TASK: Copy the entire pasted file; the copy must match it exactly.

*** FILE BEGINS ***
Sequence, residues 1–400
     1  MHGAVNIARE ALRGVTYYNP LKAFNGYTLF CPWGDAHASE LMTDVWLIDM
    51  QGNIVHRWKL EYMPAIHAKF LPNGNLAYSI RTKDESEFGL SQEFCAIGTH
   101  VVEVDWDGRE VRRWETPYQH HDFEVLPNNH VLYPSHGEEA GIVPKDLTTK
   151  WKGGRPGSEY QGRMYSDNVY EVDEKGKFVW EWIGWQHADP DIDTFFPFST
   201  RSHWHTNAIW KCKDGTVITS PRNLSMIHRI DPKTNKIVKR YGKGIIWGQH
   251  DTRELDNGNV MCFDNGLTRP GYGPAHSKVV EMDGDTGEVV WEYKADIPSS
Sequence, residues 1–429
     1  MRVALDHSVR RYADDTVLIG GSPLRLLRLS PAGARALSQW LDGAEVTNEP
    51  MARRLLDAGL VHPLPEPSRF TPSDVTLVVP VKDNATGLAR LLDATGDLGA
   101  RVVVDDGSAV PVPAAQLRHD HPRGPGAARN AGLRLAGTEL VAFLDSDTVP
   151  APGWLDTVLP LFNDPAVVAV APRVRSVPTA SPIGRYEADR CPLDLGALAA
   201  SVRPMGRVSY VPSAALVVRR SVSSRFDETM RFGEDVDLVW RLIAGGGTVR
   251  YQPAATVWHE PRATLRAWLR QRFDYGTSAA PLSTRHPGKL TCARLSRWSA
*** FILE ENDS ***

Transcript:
Sequence, residues 1–400
     1  MHGAVNIARE ALRGVTYYNP LKAFNGYTLF CPWGDAHASE LMTDVWLIDM
    51  QGNIVHRWKL EYMPAIHAKF LPNGNLAYSI RTKDESEFGL SQEFCAIGTH
   101  VVEVDWDGRE VRRWETPYQH HDFEVLPNNH VLYPSHGEEA GIVPKDLTTK
   151  WKGGRPGSEY QGRMYSDNVY EVDEKGKFVW EWIGWQHADP DIDTFFPFST
   201  RSHWHTNAIW KCKDGTVITS PRNLSMIHRI DPKTNKIVKR YGKGIIWGQH
   251  DTRELDNGNV MCFDNGLTRP GYGPAHSKVV EMDGDTGEVV WEYKADIPSS
Sequence, residues 1–429
     1  MRVALDHSVR RYADDTVLIG GSPLRLLRLS PAGARALSQW LDGAEVTNEP
    51  MARRLLDAGL VHPLPEPSRF TPSDVTLVVP VKDNATGLAR LLDATGDLGA
   101  RVVVDDGSAV PVPAAQLRHD HPRGPGAARN AGLRLAGTEL VAFLDSDTVP
   151  APGWLDTVLP LFNDPAVVAV APRVRSVPTA SPIGRYEADR CPLDLGALAA
   201  SVRPMGRVSY VPSAALVVRR SVSSRFDETM RFGEDVDLVW RLIAGGGTVR
   251  YQPAATVWHE PRATLRAWLR QRFDYGTSAA PLSTRHPGKL TCARLSRWSA